UK Shale Gas, Towards Securing Our Energy Future

by Peter Hardy; 28 November 2012

The phenomenon of shale gas is both topical and controversial. Its proponents claim that it is a clean, environmentally friendly and abundant source of cheap natural gas; its opponents believe the opposite. In various countries it is a fast growing industry and operations have begun in the UK.

With conventional reserves of natural gas being quickly depleted, gas prospecting is
turning to “unconventional resources”, one example being gas found in shale.
Uncommon technologies, notably hydraulic fracturing and horizontal drilling, are
necessary for shale extraction to be economical.

Shale Gas has faced some difficulties over concerns regarding environmental pollution. In the US, an influential film was released alleging that waste fluid from hydraulic fracturing,
“flowback water”, was polluting groundwater. While it is possible for methane to enter
groundwater through a faulty well completion, The Institution of Gas engineers and Managers,IGEM, is satisfied that Environment Agency and HSE policy is adequate to prevent risks to the environment or human health and recommends that if flowback water is to be held temporarily in open pits, an adequate overspill system be in place.

There have also been two earthquakes in Lancashire thought to have been caused by
shale gas operations. Furthermore, the cause of a magnitude 4.7 earthquake in Arkansas
near to where waste water was injected into a shale gas well has not been fully
determined. The results of an investigation into the Lancashire earthquakes have been accepted as being the results of fracking operations and new guidelines are already being proposed to alleviate the risk of this happening again. IGEM recommends that seismic activity near hydraulic fracturing operations be monitored and that the suitability of reinjection for disposal of water be investigated.

IGEM has identified a need for standards in this country pertaining to shale gas and its
extraction processes and is working with the industry and Government Agencies to provide a guidance document for onshore fracking in the UK.

With the lack of public information and sometimes animosity towards shale gas, drillers
need to consider developing corporate social responsibility programs tailored to the
needs of the communities local to drilling, with especial consideration towards
environmental initiatives.

Worldwide, shale gas has had a significant and growing impact on gas production
and looks likely to rapidly transform the energy situation. The estimated recoverable shale gas reserves worldwide are in the region of 6,622 trillion cu feet with China having the largest reserves of 1,275 trillion cu feet followed by the US with 862 trillion cu feet.

This is against the backdrop of worldwide annual consumption of 106.7 trillion cu feet. From known shale gas reserves alone this equates to 60 years of gas usage based on the current level of consumption. The development of the US shale gas industry over the last 10 years has resulted in the price of gas falling from $12 per million British thermal units (BTUs) to $3.8 per million BTUs.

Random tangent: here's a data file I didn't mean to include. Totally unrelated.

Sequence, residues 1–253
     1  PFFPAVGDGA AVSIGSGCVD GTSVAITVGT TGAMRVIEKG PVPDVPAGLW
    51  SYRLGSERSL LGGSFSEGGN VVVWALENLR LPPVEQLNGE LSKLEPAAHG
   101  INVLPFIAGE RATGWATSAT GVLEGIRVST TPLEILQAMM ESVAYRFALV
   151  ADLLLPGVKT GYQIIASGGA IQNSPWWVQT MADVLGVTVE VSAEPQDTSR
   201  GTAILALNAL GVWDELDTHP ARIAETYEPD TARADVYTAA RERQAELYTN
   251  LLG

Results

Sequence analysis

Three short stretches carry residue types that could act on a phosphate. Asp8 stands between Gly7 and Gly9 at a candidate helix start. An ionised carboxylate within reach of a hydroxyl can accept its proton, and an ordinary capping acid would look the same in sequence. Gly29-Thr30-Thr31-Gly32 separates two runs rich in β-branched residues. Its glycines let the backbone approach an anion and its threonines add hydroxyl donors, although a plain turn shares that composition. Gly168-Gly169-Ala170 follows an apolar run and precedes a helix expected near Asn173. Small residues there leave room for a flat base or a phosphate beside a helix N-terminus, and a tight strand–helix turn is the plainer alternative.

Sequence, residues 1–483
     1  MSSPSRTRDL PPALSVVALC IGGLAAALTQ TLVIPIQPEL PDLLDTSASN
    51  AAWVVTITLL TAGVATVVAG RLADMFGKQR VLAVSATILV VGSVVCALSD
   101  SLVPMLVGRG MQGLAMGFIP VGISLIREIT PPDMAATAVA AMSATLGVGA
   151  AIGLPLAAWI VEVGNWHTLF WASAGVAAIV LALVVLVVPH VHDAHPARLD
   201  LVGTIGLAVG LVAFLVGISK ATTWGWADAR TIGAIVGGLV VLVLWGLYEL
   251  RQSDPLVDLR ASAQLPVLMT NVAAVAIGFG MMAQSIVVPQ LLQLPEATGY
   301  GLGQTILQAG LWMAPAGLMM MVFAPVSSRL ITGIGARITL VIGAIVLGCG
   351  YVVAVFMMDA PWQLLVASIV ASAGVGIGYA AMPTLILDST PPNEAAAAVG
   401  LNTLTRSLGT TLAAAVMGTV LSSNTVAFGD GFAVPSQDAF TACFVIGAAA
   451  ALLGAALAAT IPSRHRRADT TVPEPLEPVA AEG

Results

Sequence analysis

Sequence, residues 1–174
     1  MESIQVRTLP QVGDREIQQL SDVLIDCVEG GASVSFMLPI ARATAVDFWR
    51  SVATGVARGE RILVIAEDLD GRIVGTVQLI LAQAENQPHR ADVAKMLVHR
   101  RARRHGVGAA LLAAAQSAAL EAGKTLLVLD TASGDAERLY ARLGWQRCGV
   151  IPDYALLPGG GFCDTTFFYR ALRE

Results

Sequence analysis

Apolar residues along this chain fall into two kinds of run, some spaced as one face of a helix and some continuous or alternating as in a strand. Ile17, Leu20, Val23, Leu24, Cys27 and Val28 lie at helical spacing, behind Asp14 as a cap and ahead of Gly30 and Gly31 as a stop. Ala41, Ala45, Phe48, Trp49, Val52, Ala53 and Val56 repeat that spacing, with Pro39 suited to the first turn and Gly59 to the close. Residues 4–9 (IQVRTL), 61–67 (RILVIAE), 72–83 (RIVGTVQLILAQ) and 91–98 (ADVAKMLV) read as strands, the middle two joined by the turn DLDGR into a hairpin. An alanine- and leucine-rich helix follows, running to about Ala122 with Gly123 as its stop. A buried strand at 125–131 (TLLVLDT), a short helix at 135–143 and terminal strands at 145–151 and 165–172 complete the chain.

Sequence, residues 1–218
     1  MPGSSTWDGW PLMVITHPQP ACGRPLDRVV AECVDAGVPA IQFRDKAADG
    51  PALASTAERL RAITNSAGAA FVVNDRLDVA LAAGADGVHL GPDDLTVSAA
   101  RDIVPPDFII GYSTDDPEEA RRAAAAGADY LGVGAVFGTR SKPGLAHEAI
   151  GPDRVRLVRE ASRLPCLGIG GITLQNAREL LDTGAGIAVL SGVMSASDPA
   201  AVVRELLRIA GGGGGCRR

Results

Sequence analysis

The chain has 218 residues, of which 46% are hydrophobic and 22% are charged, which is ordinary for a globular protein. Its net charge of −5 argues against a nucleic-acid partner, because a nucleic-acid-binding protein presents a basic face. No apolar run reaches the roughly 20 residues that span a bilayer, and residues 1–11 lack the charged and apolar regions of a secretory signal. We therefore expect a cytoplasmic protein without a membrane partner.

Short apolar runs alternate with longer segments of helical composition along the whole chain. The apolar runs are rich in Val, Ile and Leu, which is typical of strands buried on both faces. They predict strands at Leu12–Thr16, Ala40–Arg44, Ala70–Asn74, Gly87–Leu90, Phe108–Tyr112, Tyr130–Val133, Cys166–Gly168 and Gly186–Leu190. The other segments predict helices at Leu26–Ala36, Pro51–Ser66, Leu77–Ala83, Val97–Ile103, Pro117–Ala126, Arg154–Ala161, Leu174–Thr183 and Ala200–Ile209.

This is against the background of worldwide reserves of conventional reserves of Natural gas of 6,609 trillion cu feet. Over half of these reserves are in Russia, Iran, Turkmenistan and Qatar.

In Europe, Poland and France have the largest reserves; Poland has embraced the industry and is looking forward to its shale gas reserves ending dependence on Russian gas. France, on the other hand, has outlawed the hydraulic fracturing technology vital to shale gas on environmental grounds.

The UK’s shale gas reserves are unlikely to be large enough to be a “game changer” however they would contribute to gas security and the UK’s energy mix, as well as being a lower carbon alternative to coal-fired electricity generation. The estimates of recoverable gas in the Bowland shales in Lancashire are 2 trillion cu feet with the existing UK gas usage of 90 billion cu feet per annum. This means that the Lancashire reserves alone could represent 20 years of UK gas supply. There have been other sites of possible shale gas already identified in South Wales, Scotland and the Peak district.

As well as conventional gas reserves and shale gas reserves already identified the above figures do not take into account other areas of unconventional gases such as coal bed methane and tight sands and there are already known reserves of 4,000 trillion cu feet in America and China with further large deposits in Russia, Australia, South Africa, Canada and India but these have yet to be accurately quantified. Australia is already looking to exploit its reserves of these gases in the next 2-3 years.

There are already substantial reserves of gas available worldwide, however the development of these unconventional gases, which are often in more politically stable parts of the world, will provide an ongoing security of supply to the Western World going forward.

Peter Hardy is Technical Manager at The Institution of Gas Engineers and Managers

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